Reputation is Everything: Natalia Besedina on Starting a Law Firm
Niche: Law business;
Project: “Right Decision” law firm
Role: Mastermind, founder and director
At what point in their career does a lawyer realize that they have enough experience to launch their own business? We had a very insightful talk with Natalia Besedina, the founder of a successful law firm, “Right Decision.” We asked Natalia how she had come up with the idea of embarking on this entrepreneurial journey, how she found her first clients, and what growth potential a law company possesses.
When is the right moment to consider the idea of starting a law business?
Law business is all about reputation. It’s the main factor that ensures consistent profits. You can claim to be able to win any case but this is hardly possible in real life. You need to explain to the client – adjusting your speech to their personality — that your goal is not necessarily to win the case, but to protect their interests. Along with professional expertise, this kind of work requires a great deal of personal experience.
Without the so-much-needed experience, starting a law business is a risky venture. Of course, you can register a firm a few months after graduation. But who would trust a 20-something newbie? Don’t get me wrong. I see no harm in starting to plan your business since university. But when it comes to actually opening a law firm, you need have a solid professional background and be mature as a person.
«There will be no one to put the blame on. You’ll have to answer for your mistakes»
If we talk about recruiting in Russia, a lawyer must have at least 5 years’ experience in the industry to be considered trustworthy and professional. However, it’s not enough for starting a business. Due to the ever-changing legislation, 5 years is not enough for developing a good understanding of the existing laws and standards. It’s essential to keep tabs on daily changes in legislation and regulation. After all, the law system is where law making and law enforcement come together.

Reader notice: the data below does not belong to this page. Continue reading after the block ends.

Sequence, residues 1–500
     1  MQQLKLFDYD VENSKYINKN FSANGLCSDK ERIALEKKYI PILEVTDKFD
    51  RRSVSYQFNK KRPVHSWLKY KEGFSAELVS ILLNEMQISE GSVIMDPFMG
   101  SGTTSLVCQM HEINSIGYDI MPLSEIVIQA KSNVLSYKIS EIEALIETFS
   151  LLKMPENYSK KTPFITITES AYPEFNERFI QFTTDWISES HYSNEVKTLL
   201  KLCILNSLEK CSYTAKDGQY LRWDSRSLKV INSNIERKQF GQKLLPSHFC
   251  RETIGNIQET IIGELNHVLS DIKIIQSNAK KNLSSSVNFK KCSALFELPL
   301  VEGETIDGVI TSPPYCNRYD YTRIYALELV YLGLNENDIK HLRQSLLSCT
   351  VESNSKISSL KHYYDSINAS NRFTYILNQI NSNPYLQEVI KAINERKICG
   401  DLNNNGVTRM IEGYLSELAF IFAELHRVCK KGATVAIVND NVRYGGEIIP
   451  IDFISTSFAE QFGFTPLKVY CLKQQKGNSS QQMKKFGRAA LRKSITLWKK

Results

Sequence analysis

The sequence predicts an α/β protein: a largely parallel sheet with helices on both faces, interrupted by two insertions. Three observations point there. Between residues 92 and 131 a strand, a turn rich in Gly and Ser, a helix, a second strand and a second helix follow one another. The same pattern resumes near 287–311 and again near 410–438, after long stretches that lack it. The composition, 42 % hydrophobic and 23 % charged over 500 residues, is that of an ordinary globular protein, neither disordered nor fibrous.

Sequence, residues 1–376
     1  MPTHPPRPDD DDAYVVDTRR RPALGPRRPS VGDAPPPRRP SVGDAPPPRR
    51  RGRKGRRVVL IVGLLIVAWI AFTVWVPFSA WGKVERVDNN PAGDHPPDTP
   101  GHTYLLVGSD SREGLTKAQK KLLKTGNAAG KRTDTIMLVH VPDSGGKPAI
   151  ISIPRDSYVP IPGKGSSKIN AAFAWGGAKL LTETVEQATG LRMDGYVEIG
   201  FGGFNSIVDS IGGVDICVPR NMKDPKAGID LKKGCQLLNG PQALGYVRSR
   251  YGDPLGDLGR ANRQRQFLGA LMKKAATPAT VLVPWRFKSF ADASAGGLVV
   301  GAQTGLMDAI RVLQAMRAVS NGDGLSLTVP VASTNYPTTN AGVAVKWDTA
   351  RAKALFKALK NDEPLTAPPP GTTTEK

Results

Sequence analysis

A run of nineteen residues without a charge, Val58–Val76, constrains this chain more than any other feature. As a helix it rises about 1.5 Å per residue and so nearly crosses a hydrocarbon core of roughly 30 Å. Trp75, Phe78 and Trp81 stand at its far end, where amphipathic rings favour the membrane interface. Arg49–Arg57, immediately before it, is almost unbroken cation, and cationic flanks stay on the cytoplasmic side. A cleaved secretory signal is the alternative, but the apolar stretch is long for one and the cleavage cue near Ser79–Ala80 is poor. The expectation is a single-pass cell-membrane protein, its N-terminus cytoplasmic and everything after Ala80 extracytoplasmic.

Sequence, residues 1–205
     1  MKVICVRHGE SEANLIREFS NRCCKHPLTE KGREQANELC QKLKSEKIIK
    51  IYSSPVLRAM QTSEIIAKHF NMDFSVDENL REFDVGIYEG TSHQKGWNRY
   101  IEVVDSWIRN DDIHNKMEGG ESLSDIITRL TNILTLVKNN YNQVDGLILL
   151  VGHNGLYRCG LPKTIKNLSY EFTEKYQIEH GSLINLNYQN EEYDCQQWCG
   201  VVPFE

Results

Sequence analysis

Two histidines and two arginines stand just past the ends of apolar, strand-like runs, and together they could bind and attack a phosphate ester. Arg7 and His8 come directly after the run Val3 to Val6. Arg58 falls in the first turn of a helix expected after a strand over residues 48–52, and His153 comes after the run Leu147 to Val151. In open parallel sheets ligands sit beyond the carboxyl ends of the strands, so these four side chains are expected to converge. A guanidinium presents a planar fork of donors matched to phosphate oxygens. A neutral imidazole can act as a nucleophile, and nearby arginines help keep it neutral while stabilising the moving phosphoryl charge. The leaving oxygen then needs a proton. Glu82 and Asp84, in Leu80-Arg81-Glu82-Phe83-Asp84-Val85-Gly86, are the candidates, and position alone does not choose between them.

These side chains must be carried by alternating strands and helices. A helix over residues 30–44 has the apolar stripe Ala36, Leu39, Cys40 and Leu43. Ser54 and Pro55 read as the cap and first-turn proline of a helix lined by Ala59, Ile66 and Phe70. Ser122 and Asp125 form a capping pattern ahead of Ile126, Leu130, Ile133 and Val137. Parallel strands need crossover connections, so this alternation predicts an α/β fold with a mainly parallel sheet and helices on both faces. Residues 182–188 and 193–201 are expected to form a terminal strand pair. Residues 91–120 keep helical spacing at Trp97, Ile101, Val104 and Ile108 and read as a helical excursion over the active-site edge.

While in Russia we don’t have the case law, the applicable judicial practice and its generalization by the Supreme and Constitutional Courts directly affects the protection of rights of individuals and companies. For a lawyer, studying the law enforcement practice is crucial for working in court. In Russia, the adversarial principle is one of the fundamentals of the procedural law. Not knowing the legislation or law enforcement practices makes it impossible to choose the right remedy.
The ability to choose the right remedy from a variety of options is what distinguishes true professionals. After all, the commercial success of a law business relies on your decisions and choices.
How did you come up with the idea of starting your own business?
I’m about to tell you a most curious thing. I got this idea at the age of 40, after receiving multiple rejections from employers. It could be that my age and impressive CV scared people off. During one of the interviews, I was told that I would be unmanageable!
Then I thought that starting my own law firm was the best way to fulfill my ambitions and my strive for freedom and independence. A business is like a child: you give birth to it, feed it, teach it how to walk and live in this world. With the right upbringing, it will eventually start feeding you. My “child” is 5 years old, and I don’t have a single regret about having embarked on this journey.
Narrow or generic specialist – which one is more valuable?
While a narrow specialization is fundamental, I vote for versatility. I’m not the one who thinks that you can’t know everything. You very well can – if you focus on a specific area of law. There is one exception though. Judging from my own experience and that of my co-workers, being a pro in both criminal and civil law is extremely hard. These two fields are fundamentally different in terms of statutory framework and procedural remedies.
Take me for example. I’ve been working in civil law for 17 years. I have a profound experience with administrative cases. I don’t take up criminal cases because they require an entirely different expertise from the one you acquire while engaging in civil and administrative defense. It’s a whole different world. At the university, we were asked whether we’d like to dedicate our careers to criminal or civil law. Our choice affected our curriculum and internship. My advice to all law students is to choose the area of law you’re willing to focus on. If you keep putting off this decision, it can become too late – you even risk losing your degree. This is why many law graduates have to take up other jobs not related to law practice.
What advertising tools would you recommend to beginning businessmen?
My first clients were my family members and acquaintances. You can say that I practiced on my inner circle. But it’s OK. You don’t get too much heat for your mistakes. (smiles). Then my clients started to recommend me to their family and friends. This is when I saw the first benefits of the word of mouth. For my company, it remains the most effective promotion tool up to date. I also think very highly of Google and Yandex maps. Those are great tools to help people find your office.
What expenses come with starting a law business?